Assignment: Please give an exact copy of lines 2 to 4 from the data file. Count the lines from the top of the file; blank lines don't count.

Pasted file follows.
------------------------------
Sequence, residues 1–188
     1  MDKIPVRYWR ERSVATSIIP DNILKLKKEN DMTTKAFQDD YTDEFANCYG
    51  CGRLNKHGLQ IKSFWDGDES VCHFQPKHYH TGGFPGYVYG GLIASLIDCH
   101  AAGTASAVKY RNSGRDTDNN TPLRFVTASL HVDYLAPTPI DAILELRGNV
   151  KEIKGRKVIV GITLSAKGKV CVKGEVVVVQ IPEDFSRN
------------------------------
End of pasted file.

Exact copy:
     1  MDKIPVRYWR ERSVATSIIP DNILKLKKEN DMTTKAFQDD YTDEFANCYG
    51  CGRLNKHGLQ IKSFWDGDES VCHFQPKHYH TGGFPGYVYG GLIASLIDCH
   101  AAGTASAVKY RNSGRDTDNN TPLRFVTASL HVDYLAPTPI DAILELRGNV